one point we held one meeting of somewhat greater
importance, at which we decided it was time for radical
change. Despite the undoubted quality of the contributions, the format and
general appearance of the Black Lion were,
we felt, a bit (or more than a bit) amateurish and
rather resembled a propaganda broadsheet
than a proper magazine. Issue 3 looked exactly the same as no. 1! But perhaps
our biggest advantage was the fact that our expectations as
regards the proceeds had been wildly exceeded (No. 3 had like the others
sold out), and we now thought we had enough resources to put the
whole project on a more
professional footing, even though a further bit of financial aid from Chris
would still be required.
We decided to make the following major modifications for No. 4 - in the direction of minimalism. The page size would be halved, only a small black lion would appear in the middle of the cover, without "1721", and "No. 4" would appear towards the bottom of the page. Depending on the amount of material available the number of pages in future issues would be 12 or 16. Perhaps most importantly though the whole project would be handed over to Farleys the printers in West Street, who would also ensure that a decent uniform type face was used instead of our having to rely on the ancient typewriters bashed into service by Entwhistle's mum, Brian Cariss and Andy Neal.
At some stage the venture would also be officially named "Black Lion Enterprises" to give it a veneer of respectability.
When no. 4 came out in July we were very proud of the new slim, elegant format. Unfortunately I cannot at least for the moment locate any of the issues from no. 4 onwards (should I be able to unearth them a sequel will follow), but I recall that the topics dealt with were broadly the same as those covered by the first three, so the "alternative" element was still very much in evidence. I also recollect that we sold out most, if not all, of our print run, so we were still popular. Chris once said something to the effect that boys evidently enjoyed being called morons ....
Chris then never seemed to have much time for the Editorial Board, as he was invariably just popping down to Farleys for the latest discussion whenever we wanted to ask him something. Sometimes I'd also bump into him trudging up Trinity Street, armed with Black Lions, as I was on the way home after school. These meetings were clearly fruitful: by December we had also got no. 5 out, and we could then with some justification look back on a highly successful 1969. We had produced four issues of the magazine, of which nos. 4 and 5 were in the new format, our financial situation was rosy, and at last we had a decent amount of new material coming in (a highly promising poetic talent, Alan Hill, was now making major contributions), together with plenty of editors to keep things ticking over.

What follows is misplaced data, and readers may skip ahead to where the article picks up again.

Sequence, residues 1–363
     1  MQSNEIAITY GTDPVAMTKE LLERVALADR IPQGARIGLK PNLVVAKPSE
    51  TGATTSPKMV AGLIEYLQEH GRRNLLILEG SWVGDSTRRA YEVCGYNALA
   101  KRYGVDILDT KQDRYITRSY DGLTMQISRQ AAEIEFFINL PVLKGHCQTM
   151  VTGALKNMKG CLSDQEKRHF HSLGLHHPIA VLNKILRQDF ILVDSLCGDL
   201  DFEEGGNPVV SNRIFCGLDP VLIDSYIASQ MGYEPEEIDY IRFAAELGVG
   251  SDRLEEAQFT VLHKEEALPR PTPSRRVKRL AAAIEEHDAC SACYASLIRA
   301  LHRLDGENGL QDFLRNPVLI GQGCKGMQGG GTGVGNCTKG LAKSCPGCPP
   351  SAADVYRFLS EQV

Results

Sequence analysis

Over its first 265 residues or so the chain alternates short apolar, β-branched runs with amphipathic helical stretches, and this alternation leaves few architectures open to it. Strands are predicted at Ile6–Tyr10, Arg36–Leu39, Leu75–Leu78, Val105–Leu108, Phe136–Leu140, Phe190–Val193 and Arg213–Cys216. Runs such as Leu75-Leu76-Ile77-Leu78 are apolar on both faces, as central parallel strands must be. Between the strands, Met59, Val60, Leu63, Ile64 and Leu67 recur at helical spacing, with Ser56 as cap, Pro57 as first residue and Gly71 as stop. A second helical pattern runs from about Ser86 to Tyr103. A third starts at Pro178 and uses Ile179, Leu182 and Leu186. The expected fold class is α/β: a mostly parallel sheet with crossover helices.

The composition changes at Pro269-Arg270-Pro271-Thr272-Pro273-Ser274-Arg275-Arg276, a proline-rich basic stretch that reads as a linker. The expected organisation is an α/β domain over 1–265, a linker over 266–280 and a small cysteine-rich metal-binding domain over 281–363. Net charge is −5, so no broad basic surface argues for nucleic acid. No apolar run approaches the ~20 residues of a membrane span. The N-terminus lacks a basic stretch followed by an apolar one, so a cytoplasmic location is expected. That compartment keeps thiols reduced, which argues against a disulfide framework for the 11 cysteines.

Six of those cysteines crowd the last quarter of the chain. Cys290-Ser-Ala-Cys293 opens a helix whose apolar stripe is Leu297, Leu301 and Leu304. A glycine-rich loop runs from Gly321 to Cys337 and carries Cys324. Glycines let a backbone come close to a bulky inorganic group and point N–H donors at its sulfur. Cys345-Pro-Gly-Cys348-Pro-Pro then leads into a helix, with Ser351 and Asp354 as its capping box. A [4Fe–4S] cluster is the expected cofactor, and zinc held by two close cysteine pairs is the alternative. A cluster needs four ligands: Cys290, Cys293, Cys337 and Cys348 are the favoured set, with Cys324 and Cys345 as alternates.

This was the time when I left Price's and later went to university, meaning that contact with the editors was invariably lost. However, I heard that by the end of 1970 the Black Lion had reached issue no. 8, so the momentum created by the first issues had clearly been sustained. On the occasion of the 250th anniversary celebrations in July 1971, which I made sure of attending, a stand was set up to sell no. 9, the "250th edition", and interest certainly still seemed to exist. But whether or not any further issues ever appeared I cannot tell: if anyone can shed any light on the history - or lack thereof - of the magazine post-1971 I'd be very pleased to know!
As for Chris Bard, the 1969-70 6th Arts Upper (or "Tarts" in Black Lion circles) photo on the website shows that he may well have made his peace with Eric Poyner, sitting as he is in the front row just four places away from the said headmaster instead of skulking at the back somewhere. But the sullen, rebellious Black Lion look is still there ....
Looking back, whether we were able to go very far towards achieving our ideals of shaking up stodgy old Price's and the outside world is more than questionable, but at least at the time we really believed in what we were doing and - not least - had a lot of fun in the process. To quote from somewhere:
"You don't live unless you live for something" - which from 1968 to 1971 would have been a fitting Black Lion Enterprises motto.
Thanks: Thanks are due to all those who contributed to the first three issues along with Chris Bard and Mr. Johnson, namely:
Issue 1: K. Beaumont, M.A. Seeley, "R.W.S.", C. Williams, "T.S.B.", Alan Hill, Ken Giles, R. Long, G. Martin, K. Bundell, Brian P. Cariss, Chris Retzler, Grant Blakely and yours truly.
Issue 2: A.N. Reid (2A), Dave Cummins (6 Arts Upper), Thomas DuBoyce (1A), Tim Hancock (2A), "P.M.W.H." (a.k.a. Paul Martin Wilson-Hawes), Brian Cariss, "Vigilante".
Issue 3: Dave Cummins, A.L. Smith, Kevin Day, I. Bundell, M.A. Seeley, Ian Kenway, John Newton, Brian Cariss, N.P. Astley, "als" (probably A.L. Smith again), and "Mary Nekklis".
Issues 1-3: Mrs. Entwhistle, Brian Cariss, Andy Neal (typists who went well beyond the call of duty) committed to webspace by robin ward on behalf of black lion enterprises, november 19, 2001